One of the fondest memories I have of my father is when he and I changed the brakes and spark plugs on my 1994 Nissan Maxima just a few years ago. Anyone who knows anything about me knows I am not exactly one for getting dirty. I prefer to leave car work to the professionals while I sip complementary coffee in the waiting room. And yet this experience of radical black love sticks with me. It was a clear, hot North Carolina summer day and he and I were in the driveway of my childhood home passing tools, passing wisdom, and passing love.
In the wake of the extrajudicial killing of Terence Crutcher by Tulsa Police Officer Betty Shelby, my father saying “how’s your car?” has a renewed significance. It seems that being stranded on the side of road while black can be added to the long list of capital offenses in the United States of America in 2016. Crutcher’s car had broken down coming back from evening classes as Tulsa Community College. He was studying music appreciation. His pastor, the Rev’d. Terry Shannon, said “he sang in the choir” and “he had a beautiful voice.” He was the father of four black children. But none of that mattered to the officer who shot him, or to the officer in the police helicopter who described him as “one bad dude,” as assessment he made from hundreds of feet away.
To be perfectly honest, I deeply fear an encounter with an unhinged, racist police officer far more than I fear an encounter with a terrorist from ISIS. If we want to fight a “War on Terror,” what about the terror black people feel when we encounter law enforcement, the very people who sworn to “protect and serve” us, but too often project their racist views onto our black bodies and kill us as a result of their inability to see humanity.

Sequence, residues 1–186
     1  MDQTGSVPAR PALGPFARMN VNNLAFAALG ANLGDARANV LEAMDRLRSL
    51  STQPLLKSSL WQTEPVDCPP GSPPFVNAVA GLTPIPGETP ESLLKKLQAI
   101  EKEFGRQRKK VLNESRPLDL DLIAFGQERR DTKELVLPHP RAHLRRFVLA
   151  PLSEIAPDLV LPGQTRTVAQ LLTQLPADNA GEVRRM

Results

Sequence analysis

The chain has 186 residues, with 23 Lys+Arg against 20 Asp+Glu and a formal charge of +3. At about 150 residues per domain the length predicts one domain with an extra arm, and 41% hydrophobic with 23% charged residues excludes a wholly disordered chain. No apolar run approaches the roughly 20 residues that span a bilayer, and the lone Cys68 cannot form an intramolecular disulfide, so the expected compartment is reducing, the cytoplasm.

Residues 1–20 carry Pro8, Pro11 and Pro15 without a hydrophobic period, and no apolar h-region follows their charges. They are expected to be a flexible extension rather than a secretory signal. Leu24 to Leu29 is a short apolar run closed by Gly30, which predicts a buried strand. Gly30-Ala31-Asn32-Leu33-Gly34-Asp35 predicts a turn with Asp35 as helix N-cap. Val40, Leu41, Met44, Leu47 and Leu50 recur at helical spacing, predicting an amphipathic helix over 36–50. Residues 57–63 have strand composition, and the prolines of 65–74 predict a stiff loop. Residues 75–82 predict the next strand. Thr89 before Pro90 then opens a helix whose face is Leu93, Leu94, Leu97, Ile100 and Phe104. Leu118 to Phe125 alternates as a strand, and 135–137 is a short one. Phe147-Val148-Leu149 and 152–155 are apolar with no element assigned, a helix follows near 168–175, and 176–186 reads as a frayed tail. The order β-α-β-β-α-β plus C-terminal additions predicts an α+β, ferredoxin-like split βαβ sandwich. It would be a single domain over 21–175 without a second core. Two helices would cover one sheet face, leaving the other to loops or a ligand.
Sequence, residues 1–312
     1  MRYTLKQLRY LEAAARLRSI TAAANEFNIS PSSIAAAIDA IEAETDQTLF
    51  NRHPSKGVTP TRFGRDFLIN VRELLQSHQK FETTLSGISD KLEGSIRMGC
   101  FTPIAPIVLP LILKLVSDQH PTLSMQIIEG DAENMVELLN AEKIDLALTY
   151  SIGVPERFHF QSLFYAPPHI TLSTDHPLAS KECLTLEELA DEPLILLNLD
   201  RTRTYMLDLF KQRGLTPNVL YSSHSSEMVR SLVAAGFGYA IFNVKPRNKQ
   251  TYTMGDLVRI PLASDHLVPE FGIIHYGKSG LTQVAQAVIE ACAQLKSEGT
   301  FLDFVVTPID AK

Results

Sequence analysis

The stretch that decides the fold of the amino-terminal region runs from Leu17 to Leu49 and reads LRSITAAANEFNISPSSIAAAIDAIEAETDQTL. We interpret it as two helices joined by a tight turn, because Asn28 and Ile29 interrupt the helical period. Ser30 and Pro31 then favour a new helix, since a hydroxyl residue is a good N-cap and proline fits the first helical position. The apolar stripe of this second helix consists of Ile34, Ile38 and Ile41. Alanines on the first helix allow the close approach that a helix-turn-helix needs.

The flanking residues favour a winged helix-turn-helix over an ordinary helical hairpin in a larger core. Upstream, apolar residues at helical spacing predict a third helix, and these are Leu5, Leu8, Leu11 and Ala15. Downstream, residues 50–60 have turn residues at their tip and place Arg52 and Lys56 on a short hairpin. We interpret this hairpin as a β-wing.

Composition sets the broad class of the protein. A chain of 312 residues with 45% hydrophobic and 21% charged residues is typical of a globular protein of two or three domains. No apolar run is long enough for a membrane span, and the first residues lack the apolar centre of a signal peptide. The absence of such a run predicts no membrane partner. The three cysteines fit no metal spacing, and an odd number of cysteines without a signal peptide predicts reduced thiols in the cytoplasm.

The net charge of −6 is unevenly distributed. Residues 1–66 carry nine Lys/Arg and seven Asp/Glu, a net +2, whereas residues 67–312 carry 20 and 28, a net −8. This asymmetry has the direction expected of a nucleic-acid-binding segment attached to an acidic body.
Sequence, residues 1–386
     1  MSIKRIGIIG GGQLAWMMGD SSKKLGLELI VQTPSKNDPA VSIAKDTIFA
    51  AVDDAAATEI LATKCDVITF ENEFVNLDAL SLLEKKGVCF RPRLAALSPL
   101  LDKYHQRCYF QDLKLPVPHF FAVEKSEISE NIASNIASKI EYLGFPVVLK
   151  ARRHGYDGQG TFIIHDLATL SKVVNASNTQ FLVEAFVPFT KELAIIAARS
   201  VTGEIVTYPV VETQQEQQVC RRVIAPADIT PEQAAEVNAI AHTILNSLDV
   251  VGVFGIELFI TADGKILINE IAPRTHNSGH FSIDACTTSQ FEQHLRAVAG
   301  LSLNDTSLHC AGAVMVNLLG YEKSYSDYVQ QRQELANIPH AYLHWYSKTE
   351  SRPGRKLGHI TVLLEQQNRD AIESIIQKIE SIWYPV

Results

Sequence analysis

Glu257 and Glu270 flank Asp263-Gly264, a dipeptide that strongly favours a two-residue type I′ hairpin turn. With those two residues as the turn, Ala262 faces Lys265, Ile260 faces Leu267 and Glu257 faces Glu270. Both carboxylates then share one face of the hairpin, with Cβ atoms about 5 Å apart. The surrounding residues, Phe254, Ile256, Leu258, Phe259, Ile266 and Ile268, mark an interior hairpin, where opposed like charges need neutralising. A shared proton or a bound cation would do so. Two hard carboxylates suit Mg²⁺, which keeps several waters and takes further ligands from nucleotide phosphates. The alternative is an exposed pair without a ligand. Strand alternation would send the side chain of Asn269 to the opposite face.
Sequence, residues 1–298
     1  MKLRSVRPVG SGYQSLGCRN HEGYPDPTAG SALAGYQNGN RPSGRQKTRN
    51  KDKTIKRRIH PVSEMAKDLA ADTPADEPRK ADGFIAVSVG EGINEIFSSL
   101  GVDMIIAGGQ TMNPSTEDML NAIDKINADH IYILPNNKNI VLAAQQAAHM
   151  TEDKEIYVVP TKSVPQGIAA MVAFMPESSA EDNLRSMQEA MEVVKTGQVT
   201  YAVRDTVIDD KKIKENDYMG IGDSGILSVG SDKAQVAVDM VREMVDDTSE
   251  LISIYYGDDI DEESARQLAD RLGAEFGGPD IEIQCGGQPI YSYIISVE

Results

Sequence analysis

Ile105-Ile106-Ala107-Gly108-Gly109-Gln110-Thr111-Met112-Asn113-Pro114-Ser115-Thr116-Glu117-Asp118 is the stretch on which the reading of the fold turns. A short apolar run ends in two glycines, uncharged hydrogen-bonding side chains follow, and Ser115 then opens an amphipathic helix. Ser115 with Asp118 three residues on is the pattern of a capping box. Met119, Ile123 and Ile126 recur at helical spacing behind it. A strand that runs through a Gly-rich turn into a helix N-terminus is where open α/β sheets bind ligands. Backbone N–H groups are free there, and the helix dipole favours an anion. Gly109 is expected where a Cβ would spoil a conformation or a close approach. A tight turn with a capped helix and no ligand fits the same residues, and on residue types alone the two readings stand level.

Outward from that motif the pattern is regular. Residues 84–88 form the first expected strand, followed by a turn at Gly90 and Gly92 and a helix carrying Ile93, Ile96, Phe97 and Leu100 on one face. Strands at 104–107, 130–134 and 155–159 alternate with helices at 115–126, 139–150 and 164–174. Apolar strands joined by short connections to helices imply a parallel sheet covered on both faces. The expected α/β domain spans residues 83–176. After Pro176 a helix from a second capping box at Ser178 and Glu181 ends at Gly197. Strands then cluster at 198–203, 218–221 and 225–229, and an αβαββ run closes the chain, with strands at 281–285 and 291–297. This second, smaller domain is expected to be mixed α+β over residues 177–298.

Maybe, my father’s question to me and my brothers was his way of trying to protect us, of ensuring that we would have less encounters with police officers that could result in our cold-blooded deaths. I do not have any children, but the deep fear of sending your black children into a cruel world is something I know my parents felt. My mom always ensured that I carried my ID when I went running in the evenings in the off chance that I encountered a police officer in the dark and needed to prove that I lived in the neighborhood. My father simply said, “how’s your car?” This is the type of conversations black parents have with black children, because there is so much of the world from which they cannot protect their babies. We don’t have full access to our childhoods, because from an early age we are made aware of the danger that misplaced white gaze can pose to our black bodies. Just ask Mamie and Louis Till, or Sybrina Fulton and Tracy Martin, or Lesley McFadden and Michael Brown, Sr.
I see now that my father loves me. Deeply. We may not have always understood one another, but he always loved me even if he struggled to find the words to express it. The frame of black masculinity that he lives within restricts his language, but I hear him wanting to yell out “Son! I love you!” My father is not a perfect man and I am sure that I not a perfect son, but with each passing day, I can truly say, from the bottom of my heart…
…Daddy, how’s your car?